Columbus GA: Clearview BBQ

A trip to Columbus seemed like an ideal time to try some local BBQ. Clearview BBQ is in an unassuming neighborhood not particularly near the highway. But it must have a large base of loyal customers based on the crowds I saw. Luckily, I arrived at the start of the lunch rush, before the line wrapped itself around the far side of the lunchroom.

As I got out of the car, I went through the laundry list of items I could order for lunch. After watching the proceedings for a minute, it became clear that the chipped BBQ sandwich was the item to order. Person after person stepped up to receive their bag or tray. And as I waited in line to order, I observed the well-orchestrated process used to fulfill that demand. Two ladies collaborated on the sandwiches. One slathered the buns with mustard sauce and lined them up on a sandwich grill, 9 at a time. The other lady first dipped the pork into a pot of sauce, then ladled it onto the waiting buns. They wrap and pack the batch, hand them out, and then return to do it all again.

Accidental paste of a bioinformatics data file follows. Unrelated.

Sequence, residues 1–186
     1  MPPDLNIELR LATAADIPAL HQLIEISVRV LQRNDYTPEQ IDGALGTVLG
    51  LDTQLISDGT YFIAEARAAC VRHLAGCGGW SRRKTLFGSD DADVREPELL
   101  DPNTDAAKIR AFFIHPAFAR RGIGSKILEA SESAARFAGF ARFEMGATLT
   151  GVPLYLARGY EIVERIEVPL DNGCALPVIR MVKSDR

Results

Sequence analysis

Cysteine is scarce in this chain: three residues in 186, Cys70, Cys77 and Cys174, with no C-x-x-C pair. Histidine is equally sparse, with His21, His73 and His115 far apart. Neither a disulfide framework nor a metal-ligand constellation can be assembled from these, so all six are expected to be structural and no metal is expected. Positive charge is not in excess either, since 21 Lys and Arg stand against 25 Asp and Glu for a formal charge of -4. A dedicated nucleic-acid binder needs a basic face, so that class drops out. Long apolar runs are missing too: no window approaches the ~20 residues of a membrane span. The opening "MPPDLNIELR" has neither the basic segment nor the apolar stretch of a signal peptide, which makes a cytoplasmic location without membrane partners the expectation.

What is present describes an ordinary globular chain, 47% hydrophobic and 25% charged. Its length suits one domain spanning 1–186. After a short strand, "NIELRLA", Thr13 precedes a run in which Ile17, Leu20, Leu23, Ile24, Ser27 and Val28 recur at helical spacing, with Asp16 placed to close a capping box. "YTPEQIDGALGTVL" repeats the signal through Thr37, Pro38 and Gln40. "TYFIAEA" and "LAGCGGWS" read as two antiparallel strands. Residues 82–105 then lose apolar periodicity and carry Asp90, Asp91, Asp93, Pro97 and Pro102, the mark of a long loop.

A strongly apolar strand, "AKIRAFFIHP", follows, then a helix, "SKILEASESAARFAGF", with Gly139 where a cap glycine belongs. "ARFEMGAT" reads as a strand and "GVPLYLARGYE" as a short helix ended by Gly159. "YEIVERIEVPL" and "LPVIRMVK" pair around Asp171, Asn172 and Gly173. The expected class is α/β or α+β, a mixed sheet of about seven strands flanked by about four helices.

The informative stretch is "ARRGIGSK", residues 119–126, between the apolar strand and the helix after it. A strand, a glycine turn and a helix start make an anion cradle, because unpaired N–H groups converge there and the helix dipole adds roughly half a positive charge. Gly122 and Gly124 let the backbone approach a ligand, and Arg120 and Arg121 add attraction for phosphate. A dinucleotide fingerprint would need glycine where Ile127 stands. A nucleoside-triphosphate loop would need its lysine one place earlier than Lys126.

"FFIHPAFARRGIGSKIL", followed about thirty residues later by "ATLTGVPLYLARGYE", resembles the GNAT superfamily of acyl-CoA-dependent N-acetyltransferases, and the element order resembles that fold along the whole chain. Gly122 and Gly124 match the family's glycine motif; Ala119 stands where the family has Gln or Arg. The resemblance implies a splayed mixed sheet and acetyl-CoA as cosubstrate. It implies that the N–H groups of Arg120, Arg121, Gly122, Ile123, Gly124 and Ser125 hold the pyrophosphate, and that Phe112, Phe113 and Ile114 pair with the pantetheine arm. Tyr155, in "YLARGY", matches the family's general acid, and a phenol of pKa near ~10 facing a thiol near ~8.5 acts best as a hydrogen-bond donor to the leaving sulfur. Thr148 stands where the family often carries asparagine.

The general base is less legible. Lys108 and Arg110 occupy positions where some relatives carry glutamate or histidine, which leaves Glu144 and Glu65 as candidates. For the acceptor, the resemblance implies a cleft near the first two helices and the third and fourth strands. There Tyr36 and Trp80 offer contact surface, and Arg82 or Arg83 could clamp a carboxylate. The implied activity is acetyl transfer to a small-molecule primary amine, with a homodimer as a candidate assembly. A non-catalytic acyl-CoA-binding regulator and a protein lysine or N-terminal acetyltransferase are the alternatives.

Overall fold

Here is the result; this is a large-sized sandwich. Even without the sauce, the meat is tender and juicy. It has just enough sauce to add character but not so much as to disguise the meat or destroy the bun. It went down quickly and I picked up the stray pieces of meat from my tray as dessert.

The BBQ is excellent and it is also cheap. Their regular-sized chipped sandwich was listed for 99 cents, as I recall. It's cash only but you don't need much cash to walk away satisfied.